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The Jazz are reportedly not interested in trading Donovan Mitchell after trading Rudy Gobert. And that’s OK!

Let’s all calm down for a moment.

NBA: Utah Jazz at New York Knicks Wendell Cruz-USA TODAY Sports

The Utah Jazz set NBA Twitter on fire Friday afternoon by trading All-Star center Rudy Gobert to the Minnesota Timberwolves. Once Rudy was gone, you could pretty much guess the reaction from most Knicks fans: “OMG THE JAZZ ARE BLOWING IT UP! TRADE FOR DONOVAN MITCHELL IMMEDIATELY, KNICKS, OR I WILL LIGHT MYSELF ON FIRE OUTSIDE OF MSG!”

Sadly for these Knicks fans, it doesn’t seem like the Jazz are planning to move Donovan Mitchell right now.

This shouldn’t necessarily come as a surprise. Utah hosts the 2023 All-Star Game, and there have been rumblings that Jazz ownership preferred to keep Mitchell at least until the All-Star festivities. Jazz team president (and legendary pick hoarder) Danny Ainge received an absolute HAUL in terms of assets in the Gobert trade, so they could easily pivot and put another quality player or two with Mitchell.

But let’s play devil’s advocate here and say that these reports are all just posturing by Ainge and the Jazz. Let’s say that they are still very willing to deal Mitchell right now for the right price. Minnesota just gave up a whopping FIVE first-round picks in the Gobert trade, if you count recent first-round pick Walker Kessler — three of which are totally unprotected. They owe Utah a top-five-protected pick in 2029. I don’t know how much they can get for Mitchell — who isn’t necessarily as good as Gobert, but is much younger and cheaper — but Ainge will certainly look for a similar haul. The Knicks have a treasure trove of young players and picks. They could do that kind of deal. But should they? How much sense does a Mitchell trade actually make for the Knicks?

Remember, these are no longer the Knicks of 2021-22. The team just signed point guard Jalen Brunson to a massive four-year, $104 million deal. If the Knicks making a Mitchell deal, they should do it with Brunson in mind, right? Stylistically, these two players have nothing in common — Mitchell is a freak athlete, while Brunson thrives more on guile. Mitchell was his team’s offensive hub, while Brunson usually deferred to Luka Doncic. However, both players are similar in terms of impact. Check out their per-36 numbers:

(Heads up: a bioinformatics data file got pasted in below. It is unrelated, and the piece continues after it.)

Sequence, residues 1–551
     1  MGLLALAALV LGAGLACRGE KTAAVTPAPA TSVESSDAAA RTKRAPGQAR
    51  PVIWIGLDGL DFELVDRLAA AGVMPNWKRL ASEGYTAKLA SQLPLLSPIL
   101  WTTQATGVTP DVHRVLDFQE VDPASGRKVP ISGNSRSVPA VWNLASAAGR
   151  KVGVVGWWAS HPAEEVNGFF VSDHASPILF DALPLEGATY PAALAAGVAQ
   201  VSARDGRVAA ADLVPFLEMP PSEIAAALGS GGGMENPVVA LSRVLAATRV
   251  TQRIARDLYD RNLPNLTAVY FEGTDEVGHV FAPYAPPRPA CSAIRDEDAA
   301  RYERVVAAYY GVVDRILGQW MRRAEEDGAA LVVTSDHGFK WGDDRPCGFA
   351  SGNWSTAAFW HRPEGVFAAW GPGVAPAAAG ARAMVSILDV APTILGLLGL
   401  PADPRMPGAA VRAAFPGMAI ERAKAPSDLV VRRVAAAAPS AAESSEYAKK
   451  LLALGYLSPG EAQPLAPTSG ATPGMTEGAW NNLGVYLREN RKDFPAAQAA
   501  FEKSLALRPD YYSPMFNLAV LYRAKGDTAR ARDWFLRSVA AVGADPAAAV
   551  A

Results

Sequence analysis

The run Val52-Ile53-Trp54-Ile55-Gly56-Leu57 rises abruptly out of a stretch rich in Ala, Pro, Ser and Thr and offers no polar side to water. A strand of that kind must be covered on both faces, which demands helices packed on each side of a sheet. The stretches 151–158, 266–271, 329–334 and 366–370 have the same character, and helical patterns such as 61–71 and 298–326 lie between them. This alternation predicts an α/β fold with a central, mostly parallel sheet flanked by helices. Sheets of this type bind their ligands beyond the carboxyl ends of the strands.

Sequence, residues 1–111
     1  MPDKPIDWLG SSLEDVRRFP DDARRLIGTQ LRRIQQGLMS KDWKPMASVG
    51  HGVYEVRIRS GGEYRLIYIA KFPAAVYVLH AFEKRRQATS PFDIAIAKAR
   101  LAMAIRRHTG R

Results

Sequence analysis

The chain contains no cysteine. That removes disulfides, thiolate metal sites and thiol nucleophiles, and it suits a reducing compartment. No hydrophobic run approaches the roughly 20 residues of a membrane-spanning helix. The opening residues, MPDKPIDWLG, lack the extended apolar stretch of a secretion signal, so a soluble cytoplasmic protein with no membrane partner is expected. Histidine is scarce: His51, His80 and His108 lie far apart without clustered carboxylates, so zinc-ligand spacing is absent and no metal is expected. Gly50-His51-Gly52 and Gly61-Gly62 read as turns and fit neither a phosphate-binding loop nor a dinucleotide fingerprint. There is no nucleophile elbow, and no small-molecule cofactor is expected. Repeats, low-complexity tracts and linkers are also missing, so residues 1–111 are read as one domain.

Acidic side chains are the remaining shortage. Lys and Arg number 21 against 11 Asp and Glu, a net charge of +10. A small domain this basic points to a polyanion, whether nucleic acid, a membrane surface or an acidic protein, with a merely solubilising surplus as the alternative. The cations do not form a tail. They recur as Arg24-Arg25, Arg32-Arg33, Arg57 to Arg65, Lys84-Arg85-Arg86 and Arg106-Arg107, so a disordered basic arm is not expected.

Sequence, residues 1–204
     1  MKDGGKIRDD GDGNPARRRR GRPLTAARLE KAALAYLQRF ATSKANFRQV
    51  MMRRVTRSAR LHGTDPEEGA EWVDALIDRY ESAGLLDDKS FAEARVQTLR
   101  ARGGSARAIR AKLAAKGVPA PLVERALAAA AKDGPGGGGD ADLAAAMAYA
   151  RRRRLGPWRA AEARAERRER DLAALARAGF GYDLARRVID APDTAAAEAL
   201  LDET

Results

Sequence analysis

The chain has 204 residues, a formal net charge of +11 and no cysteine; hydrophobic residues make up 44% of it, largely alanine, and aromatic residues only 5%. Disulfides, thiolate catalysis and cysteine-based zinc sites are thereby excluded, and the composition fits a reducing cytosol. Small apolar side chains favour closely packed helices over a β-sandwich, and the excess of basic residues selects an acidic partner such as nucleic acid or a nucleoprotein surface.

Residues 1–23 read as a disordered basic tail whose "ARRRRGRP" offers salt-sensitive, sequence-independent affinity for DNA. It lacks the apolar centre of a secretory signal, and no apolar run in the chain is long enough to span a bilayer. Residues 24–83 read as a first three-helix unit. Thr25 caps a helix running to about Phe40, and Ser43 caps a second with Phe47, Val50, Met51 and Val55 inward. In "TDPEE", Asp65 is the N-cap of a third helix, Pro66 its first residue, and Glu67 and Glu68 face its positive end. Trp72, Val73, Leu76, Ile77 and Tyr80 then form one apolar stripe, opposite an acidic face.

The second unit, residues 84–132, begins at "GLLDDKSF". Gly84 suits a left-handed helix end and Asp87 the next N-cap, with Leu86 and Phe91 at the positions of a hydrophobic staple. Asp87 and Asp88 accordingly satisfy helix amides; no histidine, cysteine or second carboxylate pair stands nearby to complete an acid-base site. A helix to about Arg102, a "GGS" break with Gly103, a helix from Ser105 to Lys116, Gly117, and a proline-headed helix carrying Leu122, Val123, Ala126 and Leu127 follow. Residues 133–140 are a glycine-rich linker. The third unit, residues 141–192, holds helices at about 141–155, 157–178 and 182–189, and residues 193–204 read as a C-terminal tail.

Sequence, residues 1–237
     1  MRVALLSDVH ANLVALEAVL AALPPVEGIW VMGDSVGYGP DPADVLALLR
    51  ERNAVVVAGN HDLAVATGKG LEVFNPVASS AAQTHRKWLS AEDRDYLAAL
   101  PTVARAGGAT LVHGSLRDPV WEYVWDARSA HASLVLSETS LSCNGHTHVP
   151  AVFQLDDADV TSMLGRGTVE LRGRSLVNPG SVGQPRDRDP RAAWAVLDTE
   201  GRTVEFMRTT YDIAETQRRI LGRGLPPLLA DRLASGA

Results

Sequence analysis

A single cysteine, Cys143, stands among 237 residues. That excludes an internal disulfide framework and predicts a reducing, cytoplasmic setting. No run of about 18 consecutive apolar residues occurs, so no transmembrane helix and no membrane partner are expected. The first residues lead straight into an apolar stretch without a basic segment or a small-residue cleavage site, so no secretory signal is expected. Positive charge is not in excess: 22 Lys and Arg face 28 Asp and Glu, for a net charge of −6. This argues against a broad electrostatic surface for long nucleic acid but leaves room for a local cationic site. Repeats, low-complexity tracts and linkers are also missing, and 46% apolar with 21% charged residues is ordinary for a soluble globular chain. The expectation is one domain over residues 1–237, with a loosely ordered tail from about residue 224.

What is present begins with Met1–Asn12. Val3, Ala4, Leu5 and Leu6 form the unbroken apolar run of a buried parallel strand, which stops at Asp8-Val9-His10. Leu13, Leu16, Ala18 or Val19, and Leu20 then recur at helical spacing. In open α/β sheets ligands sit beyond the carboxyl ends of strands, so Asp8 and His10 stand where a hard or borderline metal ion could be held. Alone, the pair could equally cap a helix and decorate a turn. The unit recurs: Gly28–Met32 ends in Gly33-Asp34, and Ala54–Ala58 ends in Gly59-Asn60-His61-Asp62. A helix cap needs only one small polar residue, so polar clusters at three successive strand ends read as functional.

Mitchell scores nine points more per 36 — which makes sense, since he was “the man” offensively on that Utah team — but Brunson scored more efficiently. The rebound and assist numbers are basically a wash.

In terms of win shares:

  • Mitchell: 7.2 win shares in 2266 total minutes
  • Brunson: 7.5 win share in 2524 total minutes

Mitchell is clearly the better player since he carried a much higher scoring burden. But how big a difference is there between these two players? The margins look rather slim, if you ask me.

Of course, you could also trade Mitchell to pair with Brunson in a high-octane backcourt. However, both players share similar weaknesses, particularly on defense. Both are undersized, and neither is considered a plus defender. Put them together, and you might reap the same troubles Utah did in the playoffs, when their undersized, porous backcourt defense was shredded by...Jalen Brunson.

If Mitchell were a free agent and the Knicks were flush with cap space, you could totally make the deal and figure out these details later. But when you’re talking about giving up multiple unprotected picks — and make no mistake, that will be just the starting point of these negotiations — these pesky details could set the Knicks back a decade.

The Knicks front office signed Jalen Brunson to be the point guard of the 2022-23 New York Knicks. Brunson himself probably took on the challenge because he wanted to lead the Knicks at the point of attack. Based on his career body of work, he has earned the right to try and lead his own team. The Knicks have solid defenders in Immanuel Quickley and Quentin Grimes to ease his defensive burden. This should be a fun backcourt! Let’s give it a chance before hitting up the trade machine and throwing all the kids (and multiple firsts) to Utah for Donovan Mitchell, who probably isn’t going anywhere anytime soon.